A word of warning, though: I personally found playing as a stealth character a little unsatisfying. The bows never seem to do a whole lot of damage once you're discovered, so items that prevent you from being noticed are really, really helpful. Unfortunately, it's not exactly difficult to achieve 100% chameleon (you can enchant any equippable item to give you a constant 20% chameleon, and there's 7 different items you can wear), and once you do it totally breaks the game. 100% chameleon means you're invisible, which for some reason means you cannot make enemies aware of your presence. You can run into them, shoot them with a bow, stab them with a knife, and they will NEVER respond to you.

Anyway, good luck finding something you can enjoy in the vast world of Oblivion!
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Poo Bear
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PostPosted: Tue Jul 03, 2007 4:11 pm    Post subject: Reply with quote

Day 2 - out of the citadel and into the world

The graphical fuzzyness I was complaining about is actually a style the developers appear to have purposefully pursued. A better description is "painterly", a phrase that Fost coined. It's more obvious outside and it gives everything a slightly surreal look that fits well with the theme. Anyway, the bottom line is it looks gorgeous outside. I was worried it would kill my cheap-o computer, but it's handling it quite well, still perfectly playable. I actually just stood for 5mins and watched the sun come down over the lake, it was that lovely.

I'm supposed to be off on my main quest but I couldn't help wandering around. The first thing you see is a small ruin called Vilverin. I wandered over and walked straight into a small camp with two people. Just as I was wondering how you tell if they are friendly they both attacked and almost killed me. I still don't understand why?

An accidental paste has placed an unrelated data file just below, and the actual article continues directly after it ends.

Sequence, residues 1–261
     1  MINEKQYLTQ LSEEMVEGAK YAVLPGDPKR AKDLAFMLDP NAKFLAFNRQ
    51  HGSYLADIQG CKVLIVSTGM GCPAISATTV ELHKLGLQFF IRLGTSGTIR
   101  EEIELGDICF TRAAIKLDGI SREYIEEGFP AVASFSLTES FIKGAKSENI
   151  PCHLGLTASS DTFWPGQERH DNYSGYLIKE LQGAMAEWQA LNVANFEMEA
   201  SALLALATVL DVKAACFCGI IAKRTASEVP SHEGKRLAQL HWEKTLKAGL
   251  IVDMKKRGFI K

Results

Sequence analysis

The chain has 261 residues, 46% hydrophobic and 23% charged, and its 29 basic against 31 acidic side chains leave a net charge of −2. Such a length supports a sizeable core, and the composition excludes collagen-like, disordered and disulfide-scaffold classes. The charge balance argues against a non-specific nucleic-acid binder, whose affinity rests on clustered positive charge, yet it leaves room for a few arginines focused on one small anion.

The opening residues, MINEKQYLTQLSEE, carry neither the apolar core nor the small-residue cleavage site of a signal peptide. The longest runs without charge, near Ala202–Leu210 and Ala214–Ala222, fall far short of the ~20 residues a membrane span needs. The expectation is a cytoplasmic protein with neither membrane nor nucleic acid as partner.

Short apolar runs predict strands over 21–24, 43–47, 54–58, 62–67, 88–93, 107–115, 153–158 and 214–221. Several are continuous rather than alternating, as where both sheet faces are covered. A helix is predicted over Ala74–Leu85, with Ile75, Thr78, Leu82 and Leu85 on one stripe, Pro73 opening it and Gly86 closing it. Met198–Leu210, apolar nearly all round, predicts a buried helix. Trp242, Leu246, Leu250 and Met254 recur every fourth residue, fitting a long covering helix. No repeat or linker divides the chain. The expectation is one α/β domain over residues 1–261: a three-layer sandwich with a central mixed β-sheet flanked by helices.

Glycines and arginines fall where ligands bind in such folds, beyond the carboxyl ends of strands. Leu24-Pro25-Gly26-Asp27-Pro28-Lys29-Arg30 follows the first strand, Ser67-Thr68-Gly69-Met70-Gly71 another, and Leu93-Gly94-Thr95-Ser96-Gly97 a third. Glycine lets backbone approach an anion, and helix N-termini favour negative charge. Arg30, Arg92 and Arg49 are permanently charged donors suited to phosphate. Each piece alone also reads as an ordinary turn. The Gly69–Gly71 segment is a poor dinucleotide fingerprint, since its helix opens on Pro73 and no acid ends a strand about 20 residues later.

They were using a tent and just inside was a book - hurrah! - the game has books to pick up and read. The story was ok, but it had a few grammar errors which spoiled it a little. Now the story was all about vampires and the tent had garlic hanging from it. Interesting. Did they attack me because they thought I was a vampire? Is this area overrun with vampires?

I clicked on a bed roll, thinking I'd sleep until nightfall and find out. The game wouldn't let me as there were monsters nearby. Ooh! It must be the vampires. I stalked around the ruin and eventually found a couple of oversized crabs scuttling around. By the time they were dispatched it was dark and I was ready for my vampire encounter.

Nothing happened...

Eventually a horseman approached out of the gloom. This must be it. I readied my weapons.

"Evening" said the imperial guardsman as he rode past.

Doh!!

I scouted around the area trying to locate those cunning vampires. No sign of them.

Was this some level designers idea of a joke? Are there vampires infesting these hills? Does anything make sense?

???

I gave in and started off towards my mission objective. Shortly after a tiger headed highway man asked me for money I didn't have and then proceeded to kill me.

I hadn't saved since leaving the citadel Sad

**** game !!!!!!!!!
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Inane



Joined: 06 Jul 2006
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PostPosted: Tue Jul 03, 2007 4:47 pm    Post subject: Reply with quote

Haha.
You can enter the ruins there, although I found no vampires, I did find a few secret tunnels, which means there might be more Smile.